This time last year, when I clicked the ‘Submit’ button on my Bank of England Youth Forum application, a wave of anxiety hit me. I thought, “I am the last person anyone would associate with enjoying maths or economics, and I definitely have no clue how to set up an ISA… why on Earth did I just apply to this?” A few moments later, after the initial anxiety had subsided, I realised this was exactly why I needed to apply; if I didn’t have a clue about the world of finance and economics, then other young people definitely share my pain.
My financial education in school consisted of a money management booklet being dropped on my desk, which I shoved to the bottom of my schoolbag. However, I wanted to get better at understanding how the economy worked, and to do this I knew I had to actively immerse myself in it. If someone had told me last year, that I would represent over 900 young people’s views on how a global pandemic financially affected them, or quizzed the Bank of England’s Chief Economist on the Bank’s transparency regulations, I would have laughed in their face.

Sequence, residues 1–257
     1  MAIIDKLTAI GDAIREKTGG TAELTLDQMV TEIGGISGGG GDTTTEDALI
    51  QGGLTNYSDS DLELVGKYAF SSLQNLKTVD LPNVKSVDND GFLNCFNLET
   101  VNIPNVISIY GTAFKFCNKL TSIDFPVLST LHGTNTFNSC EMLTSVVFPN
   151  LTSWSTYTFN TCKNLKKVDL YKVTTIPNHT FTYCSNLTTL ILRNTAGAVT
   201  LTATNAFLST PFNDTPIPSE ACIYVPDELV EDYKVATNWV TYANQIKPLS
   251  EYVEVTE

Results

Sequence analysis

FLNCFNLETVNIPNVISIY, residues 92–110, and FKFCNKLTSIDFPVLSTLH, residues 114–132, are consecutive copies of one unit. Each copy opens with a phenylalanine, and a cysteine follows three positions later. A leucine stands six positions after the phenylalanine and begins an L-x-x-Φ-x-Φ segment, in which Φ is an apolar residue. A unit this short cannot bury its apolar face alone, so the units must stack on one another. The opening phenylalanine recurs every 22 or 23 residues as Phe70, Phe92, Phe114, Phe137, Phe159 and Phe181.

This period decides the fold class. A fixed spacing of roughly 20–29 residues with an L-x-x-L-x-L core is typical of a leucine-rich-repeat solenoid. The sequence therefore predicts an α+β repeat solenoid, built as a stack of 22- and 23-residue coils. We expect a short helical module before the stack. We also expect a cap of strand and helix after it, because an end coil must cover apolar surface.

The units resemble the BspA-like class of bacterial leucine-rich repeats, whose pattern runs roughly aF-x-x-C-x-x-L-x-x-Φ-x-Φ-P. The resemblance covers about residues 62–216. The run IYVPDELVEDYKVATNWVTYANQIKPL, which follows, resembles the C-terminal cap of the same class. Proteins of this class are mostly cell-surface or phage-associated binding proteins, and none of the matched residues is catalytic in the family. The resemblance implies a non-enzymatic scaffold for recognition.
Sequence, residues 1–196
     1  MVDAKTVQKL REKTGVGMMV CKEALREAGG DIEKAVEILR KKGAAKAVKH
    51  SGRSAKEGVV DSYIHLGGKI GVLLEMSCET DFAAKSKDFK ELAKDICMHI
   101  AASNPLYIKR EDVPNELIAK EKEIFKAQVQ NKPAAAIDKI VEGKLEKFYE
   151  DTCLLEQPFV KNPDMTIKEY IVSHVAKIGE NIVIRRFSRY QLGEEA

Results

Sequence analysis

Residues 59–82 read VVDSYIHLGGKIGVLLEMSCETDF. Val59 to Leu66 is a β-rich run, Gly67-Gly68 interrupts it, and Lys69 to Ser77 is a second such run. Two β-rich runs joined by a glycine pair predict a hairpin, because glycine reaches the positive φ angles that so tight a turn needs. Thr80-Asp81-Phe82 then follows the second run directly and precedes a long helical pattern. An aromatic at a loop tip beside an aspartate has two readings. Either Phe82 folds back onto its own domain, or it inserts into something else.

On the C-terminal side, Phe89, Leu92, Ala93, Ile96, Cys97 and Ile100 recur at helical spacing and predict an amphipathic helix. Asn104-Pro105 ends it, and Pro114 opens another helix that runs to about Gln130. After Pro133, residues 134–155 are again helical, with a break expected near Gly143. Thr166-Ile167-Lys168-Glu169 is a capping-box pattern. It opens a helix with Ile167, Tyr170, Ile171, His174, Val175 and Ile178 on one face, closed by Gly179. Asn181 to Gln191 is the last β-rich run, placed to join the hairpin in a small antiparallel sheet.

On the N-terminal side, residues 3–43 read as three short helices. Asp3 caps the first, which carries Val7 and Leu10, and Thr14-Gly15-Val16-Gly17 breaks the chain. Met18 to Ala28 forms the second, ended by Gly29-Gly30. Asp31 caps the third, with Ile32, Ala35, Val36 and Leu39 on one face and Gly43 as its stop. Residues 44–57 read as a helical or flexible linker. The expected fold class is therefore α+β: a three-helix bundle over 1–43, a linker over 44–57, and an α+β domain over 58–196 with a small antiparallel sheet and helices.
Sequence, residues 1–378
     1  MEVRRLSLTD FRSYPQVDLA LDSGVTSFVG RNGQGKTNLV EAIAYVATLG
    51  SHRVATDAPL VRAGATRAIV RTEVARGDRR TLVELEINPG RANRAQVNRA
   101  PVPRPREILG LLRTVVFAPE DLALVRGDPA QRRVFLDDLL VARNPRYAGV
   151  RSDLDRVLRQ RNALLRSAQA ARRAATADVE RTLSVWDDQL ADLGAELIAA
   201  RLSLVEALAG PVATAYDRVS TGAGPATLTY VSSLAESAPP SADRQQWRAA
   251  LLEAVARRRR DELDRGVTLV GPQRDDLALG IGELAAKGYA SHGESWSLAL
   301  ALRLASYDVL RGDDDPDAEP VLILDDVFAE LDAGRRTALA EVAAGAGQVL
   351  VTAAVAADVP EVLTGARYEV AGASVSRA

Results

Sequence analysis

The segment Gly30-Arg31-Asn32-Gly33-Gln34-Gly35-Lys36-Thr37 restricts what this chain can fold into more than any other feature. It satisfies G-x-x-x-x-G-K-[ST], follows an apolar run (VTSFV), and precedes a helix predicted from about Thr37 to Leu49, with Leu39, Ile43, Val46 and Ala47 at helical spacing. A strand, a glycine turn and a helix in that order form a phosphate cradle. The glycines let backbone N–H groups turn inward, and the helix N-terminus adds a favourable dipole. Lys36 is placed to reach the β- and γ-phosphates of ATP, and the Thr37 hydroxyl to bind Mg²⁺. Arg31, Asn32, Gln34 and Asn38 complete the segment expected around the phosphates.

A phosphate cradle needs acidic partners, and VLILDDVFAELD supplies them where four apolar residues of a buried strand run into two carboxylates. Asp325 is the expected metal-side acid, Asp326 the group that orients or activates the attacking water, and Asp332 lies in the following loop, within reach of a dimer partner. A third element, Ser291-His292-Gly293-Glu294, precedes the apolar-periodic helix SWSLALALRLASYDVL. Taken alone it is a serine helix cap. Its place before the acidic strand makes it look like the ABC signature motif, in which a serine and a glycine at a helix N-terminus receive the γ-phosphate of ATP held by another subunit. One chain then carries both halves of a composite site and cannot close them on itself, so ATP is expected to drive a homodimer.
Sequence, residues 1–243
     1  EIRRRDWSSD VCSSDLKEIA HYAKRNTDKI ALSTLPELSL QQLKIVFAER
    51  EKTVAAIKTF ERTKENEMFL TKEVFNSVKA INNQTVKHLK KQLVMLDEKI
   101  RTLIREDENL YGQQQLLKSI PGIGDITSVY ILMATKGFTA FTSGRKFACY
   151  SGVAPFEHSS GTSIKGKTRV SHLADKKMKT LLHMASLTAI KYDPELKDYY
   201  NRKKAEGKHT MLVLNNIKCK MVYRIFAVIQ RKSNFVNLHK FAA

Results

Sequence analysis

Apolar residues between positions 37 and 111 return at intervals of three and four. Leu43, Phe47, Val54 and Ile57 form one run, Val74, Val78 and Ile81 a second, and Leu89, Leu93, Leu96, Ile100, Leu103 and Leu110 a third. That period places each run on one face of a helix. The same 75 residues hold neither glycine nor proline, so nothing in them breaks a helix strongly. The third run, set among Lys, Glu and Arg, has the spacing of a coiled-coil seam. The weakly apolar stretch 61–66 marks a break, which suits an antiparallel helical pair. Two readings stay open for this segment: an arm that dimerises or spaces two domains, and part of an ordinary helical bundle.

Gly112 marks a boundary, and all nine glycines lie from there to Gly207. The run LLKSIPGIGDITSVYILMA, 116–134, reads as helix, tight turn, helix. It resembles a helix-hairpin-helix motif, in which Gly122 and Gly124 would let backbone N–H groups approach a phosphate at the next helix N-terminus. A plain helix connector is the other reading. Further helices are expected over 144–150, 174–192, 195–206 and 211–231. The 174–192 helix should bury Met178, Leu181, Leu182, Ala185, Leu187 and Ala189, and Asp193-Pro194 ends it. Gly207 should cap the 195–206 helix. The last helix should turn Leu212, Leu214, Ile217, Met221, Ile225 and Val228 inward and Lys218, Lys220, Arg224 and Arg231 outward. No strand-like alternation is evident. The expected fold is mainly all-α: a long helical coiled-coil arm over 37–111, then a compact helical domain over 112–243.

After it became clear the Coronavirus outbreak would have a disastrous affect on our economy, a small group from the youth panel, formed an Immediate Response Team. We felt it was vital that we urgently gauged the national opinion of young people, so we created a survey, which asked: ‘How is COVID-19 affecting you, financially, as a young person?’ It was clear from the survey results, that there is a lot of uncertainty and anxiety from young people during this crisis, and many noted feeling that their future is up in the air. We wanted to share these concerns with the Bank and were given an opportunity to present our survey findings to the Bank of England’s Chief Economist Andy Haldane.
Presenting to Andy Haldane, with the Bank of England’s Immediate Response Team, was definitely the highlight of my time on the youth panel. For those of you, like me, who did not know, my brother informed me kindly over the dinner table the night before the presentation, that in 2014 Andy Haldane was named by Time Magazine as one of the world’s top 100 most influential people (no pressure, then). From lowering interest rates, to working with the Government to ensure we strive for environmental sustainability in our economic recovery plan, we held him to account on a range of issues. Voicing the issues that young people care about to influential institutions, like the Bank of England, allows you to have real impact in youth voice.